Jordan University of Science and Technology

H5N1 influenza outbreak during March 2006 in Jordan


Mohammad Q. Al-Natour1*, Mahmoud N. Abo-Shehada2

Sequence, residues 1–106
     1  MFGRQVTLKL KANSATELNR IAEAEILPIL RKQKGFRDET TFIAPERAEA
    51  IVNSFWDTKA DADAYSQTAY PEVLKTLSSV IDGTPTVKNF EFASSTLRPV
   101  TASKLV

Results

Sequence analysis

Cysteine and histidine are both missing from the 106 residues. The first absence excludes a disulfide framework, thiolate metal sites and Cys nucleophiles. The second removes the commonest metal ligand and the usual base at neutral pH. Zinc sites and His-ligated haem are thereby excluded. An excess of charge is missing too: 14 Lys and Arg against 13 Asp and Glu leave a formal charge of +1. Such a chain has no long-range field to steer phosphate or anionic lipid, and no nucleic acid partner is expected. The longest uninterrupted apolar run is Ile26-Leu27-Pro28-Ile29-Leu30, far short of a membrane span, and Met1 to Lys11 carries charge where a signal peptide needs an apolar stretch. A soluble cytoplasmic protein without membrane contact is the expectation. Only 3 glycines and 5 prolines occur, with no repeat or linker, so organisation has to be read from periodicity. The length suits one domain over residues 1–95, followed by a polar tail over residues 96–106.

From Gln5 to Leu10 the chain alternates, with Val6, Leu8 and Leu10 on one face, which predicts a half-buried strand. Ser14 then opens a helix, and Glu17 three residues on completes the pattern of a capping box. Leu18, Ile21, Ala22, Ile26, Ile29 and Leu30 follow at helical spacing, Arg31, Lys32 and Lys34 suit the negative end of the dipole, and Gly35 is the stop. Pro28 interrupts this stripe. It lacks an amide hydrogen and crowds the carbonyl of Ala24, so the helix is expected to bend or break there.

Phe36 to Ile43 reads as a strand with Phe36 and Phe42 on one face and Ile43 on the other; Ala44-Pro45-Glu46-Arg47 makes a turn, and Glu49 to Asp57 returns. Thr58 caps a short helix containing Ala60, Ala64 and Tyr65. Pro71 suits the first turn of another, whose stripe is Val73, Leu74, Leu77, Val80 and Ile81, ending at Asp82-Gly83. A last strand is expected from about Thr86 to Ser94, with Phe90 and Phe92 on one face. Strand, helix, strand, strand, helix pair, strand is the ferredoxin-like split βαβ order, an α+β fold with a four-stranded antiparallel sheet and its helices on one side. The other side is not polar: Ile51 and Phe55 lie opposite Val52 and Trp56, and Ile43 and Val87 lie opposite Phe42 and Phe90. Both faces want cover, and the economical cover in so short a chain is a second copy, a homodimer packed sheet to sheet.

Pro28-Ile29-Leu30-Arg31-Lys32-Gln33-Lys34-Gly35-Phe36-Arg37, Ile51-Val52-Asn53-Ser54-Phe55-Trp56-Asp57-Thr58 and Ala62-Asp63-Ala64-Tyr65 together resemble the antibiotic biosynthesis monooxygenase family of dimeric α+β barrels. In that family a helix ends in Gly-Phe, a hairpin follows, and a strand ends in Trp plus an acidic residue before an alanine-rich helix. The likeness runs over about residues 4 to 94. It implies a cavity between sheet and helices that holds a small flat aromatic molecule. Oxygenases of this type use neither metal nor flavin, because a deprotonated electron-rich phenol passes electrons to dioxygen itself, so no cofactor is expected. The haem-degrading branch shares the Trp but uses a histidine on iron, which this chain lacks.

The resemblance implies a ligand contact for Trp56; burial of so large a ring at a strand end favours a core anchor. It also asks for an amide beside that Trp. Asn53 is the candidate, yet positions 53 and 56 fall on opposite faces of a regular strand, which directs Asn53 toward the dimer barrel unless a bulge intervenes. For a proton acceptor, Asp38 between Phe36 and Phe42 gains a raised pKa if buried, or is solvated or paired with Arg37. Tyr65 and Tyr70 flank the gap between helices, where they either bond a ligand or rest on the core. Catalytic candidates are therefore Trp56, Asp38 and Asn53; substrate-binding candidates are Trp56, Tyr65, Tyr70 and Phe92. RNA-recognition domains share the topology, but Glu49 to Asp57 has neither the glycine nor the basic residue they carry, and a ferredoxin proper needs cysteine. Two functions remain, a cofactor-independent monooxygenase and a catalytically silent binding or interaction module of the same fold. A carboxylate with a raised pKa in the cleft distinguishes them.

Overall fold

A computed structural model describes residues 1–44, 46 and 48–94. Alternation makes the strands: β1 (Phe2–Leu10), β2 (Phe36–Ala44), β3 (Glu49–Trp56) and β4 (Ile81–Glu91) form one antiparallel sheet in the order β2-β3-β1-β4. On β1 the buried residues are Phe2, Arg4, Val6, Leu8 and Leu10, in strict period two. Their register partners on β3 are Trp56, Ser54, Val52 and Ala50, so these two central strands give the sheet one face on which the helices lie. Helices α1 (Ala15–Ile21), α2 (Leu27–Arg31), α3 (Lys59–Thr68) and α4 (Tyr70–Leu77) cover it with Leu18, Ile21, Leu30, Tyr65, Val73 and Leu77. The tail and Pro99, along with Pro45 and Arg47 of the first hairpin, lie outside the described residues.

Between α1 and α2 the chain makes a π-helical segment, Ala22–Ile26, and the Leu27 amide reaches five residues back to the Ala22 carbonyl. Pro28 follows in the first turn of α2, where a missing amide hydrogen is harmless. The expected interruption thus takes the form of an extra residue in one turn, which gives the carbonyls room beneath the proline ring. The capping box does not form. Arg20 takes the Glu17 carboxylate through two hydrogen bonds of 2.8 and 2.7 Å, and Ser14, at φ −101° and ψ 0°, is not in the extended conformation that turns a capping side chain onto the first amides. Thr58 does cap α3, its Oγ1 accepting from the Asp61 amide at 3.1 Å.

The highly pathogenic avian influenza H5N1 pandemic motivated countries around the World to be prepared for outbreaks within their borders. Well ahead of the outbreak, in Jordan contin- gency plans were prepared involving all relevant bodies in both the private and public sectors and a practice was simulated to test the effec- tiveness of the task force and the applicability of the plan. The highly pathogenic H5N1 influenza virus was detected and confirmed in one turkey in a backyard flock comprising 12 turkeys and 25 chickens in Kufranjah, 6 km from Ajloun city, on 23 March 2006. The samples were confirmed by the following day. Control measures were im- plemented immediately according to the nation- al contingency plan and complete clean up achi- eved by 27 March 2006. A 3 km area around the index case was designated as a control zone, with a 10 km area around the holding further de- signated as a surveillance zone. The objective was to stamp out the infection and approximate- ly 20,000 birds were destroyed including all commercial and backyard flocks in the control zone. All the human contacts were examined, treated and discharged from the hospital. The immediate response from all Jordanian sectors involved in the control strategy was positive as a result of increasing awareness and training programs that were implemented six months before the occurrence of the outbreak. A total estimated economic loss posed by this outbreak including compensation was almost $US169 million. Following the outbreak, passive surveil- lance for the virus was undertaken and training and capacity building continued. Efforts made in the preparation for an outbreak paid dividends and the need for a department responsible for monitoring migratory and wild birds in Jordan was recognized. Legislation regarding biosecurity of poultry farms and poultry transport vehicles should be revised.